Essential asked about Treasurer Joe Hockey’s approval, and his net approval is at -22, down from -10 after the May budget, and his worst net approval since March.

It has now been two years since the Coalition won the September 2013 election, and they have been behind in poll aggregation since November/December 2013. However, Labor probably needs to win the next election by at least 52-48 to form a majority government, while the Coalition could retain its majority despite losing the popular vote 51-49. The Coalition could make up some ground during an election campaign. So, despite the durability of the Labor poll lead, the next election is still up for grabs, and the Coalition’s odds would improve if they replaced the very unpopular Abbott with a more popular alternative such as Malcolm Turnbull.

Kevin Bonham’s poll aggregate is now at 53.4% 2PP to Labor, a 0.3% gain for Labor since last week. The Poll Bludger’s BludgerTrack is now at 53.6% 2PP to Labor, a 0.5% gain for Labor since last week. Primary votes are 38.0% for the Coalition, 36.1% for Labor and 14.5% for the Greens. Both major parties have lost 0.5% on primaries, with the Greens up 1.3% to a record high in BludgerTrack. Graphs show a continued slump in Abbott’s ratings since the budget.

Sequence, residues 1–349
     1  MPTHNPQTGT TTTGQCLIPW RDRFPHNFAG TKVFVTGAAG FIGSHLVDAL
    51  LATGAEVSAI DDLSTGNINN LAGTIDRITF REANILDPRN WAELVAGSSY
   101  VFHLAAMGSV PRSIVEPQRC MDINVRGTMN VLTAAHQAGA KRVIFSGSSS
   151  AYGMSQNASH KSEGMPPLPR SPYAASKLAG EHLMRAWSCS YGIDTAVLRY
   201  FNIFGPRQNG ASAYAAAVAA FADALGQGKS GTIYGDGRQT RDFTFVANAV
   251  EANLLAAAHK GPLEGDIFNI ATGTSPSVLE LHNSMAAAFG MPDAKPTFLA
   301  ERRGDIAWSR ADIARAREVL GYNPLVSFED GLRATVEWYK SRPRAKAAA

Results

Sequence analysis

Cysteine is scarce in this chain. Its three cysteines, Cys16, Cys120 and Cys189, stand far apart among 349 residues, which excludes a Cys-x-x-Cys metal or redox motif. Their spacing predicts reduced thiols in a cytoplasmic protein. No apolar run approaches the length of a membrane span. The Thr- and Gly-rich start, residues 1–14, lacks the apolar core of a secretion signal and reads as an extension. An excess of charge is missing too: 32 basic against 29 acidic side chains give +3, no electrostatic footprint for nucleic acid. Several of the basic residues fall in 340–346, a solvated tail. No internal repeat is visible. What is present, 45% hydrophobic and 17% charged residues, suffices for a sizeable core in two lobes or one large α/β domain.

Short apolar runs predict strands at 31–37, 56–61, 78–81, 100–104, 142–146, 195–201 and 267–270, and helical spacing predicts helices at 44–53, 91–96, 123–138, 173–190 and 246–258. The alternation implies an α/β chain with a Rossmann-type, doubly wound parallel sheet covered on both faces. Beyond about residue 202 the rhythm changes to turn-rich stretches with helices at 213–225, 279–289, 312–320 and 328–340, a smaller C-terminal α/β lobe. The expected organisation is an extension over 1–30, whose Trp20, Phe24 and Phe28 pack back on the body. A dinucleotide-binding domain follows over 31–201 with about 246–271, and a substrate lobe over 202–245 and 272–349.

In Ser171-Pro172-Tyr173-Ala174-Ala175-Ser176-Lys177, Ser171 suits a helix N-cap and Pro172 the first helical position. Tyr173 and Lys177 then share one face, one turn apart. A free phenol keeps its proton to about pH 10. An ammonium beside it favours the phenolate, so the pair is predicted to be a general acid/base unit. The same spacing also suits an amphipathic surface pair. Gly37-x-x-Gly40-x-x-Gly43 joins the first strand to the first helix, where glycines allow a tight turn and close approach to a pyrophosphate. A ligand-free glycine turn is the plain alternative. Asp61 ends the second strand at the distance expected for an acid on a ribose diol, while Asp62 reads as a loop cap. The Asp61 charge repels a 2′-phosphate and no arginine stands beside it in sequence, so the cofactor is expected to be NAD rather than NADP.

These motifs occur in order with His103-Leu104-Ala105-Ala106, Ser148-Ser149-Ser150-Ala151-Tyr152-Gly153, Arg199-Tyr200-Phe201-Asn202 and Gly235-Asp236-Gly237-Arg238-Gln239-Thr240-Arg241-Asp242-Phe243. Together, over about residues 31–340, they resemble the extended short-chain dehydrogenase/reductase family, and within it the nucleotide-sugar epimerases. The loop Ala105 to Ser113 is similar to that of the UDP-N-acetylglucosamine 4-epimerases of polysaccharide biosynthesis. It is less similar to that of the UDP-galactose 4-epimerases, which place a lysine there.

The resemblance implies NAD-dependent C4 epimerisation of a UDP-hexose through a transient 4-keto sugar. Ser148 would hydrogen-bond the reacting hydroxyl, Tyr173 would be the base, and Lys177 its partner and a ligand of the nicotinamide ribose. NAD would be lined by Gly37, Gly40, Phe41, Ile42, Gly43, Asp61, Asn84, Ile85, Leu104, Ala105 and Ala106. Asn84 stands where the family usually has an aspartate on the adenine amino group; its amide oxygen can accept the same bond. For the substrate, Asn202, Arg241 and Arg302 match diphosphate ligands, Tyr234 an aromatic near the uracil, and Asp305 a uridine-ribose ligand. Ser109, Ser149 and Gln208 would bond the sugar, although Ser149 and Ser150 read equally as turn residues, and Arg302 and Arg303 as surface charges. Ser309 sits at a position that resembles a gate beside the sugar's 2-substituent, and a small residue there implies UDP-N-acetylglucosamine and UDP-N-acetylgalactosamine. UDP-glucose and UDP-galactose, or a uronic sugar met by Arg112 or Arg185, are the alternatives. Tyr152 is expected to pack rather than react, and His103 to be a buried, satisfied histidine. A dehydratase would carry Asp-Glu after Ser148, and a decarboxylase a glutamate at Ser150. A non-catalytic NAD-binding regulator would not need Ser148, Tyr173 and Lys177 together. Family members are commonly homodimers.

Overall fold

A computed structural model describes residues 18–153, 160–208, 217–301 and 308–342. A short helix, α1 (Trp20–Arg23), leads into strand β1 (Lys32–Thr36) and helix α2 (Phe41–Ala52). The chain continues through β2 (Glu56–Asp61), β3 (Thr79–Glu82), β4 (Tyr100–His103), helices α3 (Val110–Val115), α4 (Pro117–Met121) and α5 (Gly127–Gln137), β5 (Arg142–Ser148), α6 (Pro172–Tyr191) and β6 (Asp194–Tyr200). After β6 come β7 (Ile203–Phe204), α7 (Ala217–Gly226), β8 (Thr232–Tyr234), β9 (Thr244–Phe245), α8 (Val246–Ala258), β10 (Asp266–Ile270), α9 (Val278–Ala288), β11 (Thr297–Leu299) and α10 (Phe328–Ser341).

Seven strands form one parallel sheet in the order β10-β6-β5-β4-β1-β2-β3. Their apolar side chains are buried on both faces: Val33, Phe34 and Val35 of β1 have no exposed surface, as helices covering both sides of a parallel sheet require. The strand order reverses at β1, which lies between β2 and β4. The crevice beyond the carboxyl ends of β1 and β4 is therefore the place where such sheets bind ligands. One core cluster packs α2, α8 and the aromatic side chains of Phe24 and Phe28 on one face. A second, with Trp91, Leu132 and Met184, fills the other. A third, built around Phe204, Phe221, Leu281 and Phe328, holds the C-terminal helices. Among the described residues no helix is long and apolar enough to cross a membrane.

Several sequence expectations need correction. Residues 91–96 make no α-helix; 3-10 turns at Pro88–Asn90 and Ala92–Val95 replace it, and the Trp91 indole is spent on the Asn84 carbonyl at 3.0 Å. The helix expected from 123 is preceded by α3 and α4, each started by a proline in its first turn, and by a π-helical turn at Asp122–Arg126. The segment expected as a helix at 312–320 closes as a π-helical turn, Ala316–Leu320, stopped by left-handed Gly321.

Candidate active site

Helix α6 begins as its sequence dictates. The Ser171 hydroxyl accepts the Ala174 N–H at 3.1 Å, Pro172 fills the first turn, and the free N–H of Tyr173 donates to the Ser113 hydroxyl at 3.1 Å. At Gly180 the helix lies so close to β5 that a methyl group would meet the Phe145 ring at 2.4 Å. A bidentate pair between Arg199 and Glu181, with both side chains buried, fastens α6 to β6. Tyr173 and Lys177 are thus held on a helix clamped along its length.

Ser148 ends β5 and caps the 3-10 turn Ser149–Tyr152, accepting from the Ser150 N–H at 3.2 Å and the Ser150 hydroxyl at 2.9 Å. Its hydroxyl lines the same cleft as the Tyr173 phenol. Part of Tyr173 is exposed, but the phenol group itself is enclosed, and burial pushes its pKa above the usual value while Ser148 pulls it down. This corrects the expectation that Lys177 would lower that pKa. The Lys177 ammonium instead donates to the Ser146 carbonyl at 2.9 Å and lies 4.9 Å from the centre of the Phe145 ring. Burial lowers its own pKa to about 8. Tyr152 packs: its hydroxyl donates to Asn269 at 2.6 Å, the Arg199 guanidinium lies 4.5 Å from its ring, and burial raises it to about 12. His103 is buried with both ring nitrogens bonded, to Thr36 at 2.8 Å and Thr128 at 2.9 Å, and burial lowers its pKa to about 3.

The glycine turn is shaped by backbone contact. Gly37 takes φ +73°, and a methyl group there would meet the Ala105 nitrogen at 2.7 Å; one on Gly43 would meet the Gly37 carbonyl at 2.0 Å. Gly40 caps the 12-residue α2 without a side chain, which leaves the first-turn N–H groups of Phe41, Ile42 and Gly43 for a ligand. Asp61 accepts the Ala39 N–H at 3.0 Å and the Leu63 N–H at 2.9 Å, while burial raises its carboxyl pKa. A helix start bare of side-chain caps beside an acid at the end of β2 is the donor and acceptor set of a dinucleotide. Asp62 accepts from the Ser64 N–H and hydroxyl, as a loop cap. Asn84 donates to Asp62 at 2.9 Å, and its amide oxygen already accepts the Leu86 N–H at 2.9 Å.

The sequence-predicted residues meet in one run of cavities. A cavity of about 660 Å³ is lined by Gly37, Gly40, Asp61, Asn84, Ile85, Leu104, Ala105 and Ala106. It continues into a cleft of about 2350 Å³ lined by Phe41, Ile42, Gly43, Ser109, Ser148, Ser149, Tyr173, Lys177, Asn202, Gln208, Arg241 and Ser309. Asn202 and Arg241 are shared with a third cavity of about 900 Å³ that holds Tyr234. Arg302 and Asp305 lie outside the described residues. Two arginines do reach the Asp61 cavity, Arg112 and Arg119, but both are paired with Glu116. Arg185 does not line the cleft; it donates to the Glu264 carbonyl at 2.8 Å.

Notes on these polls

Newspoll asked about the China Australia Free Trade Agreement, finding 43% supporting, and 35% opposed. I think this question disadvantages the Labor position because respondents are asked whether they support or oppose the whole agreement, while Labor wants to make minor changes.

Newspoll also asked about the Trade Union Royal Commission, and found that 30% thought it should continue with Dyson Heydon, 38% thought it should continue WITHOUT Heydon, and 15% wanted it closed down altogether. In other words, 53% thought Heydon should resign, or wanted the Commission closed down, though 68% thought it should continue with or without Heydon.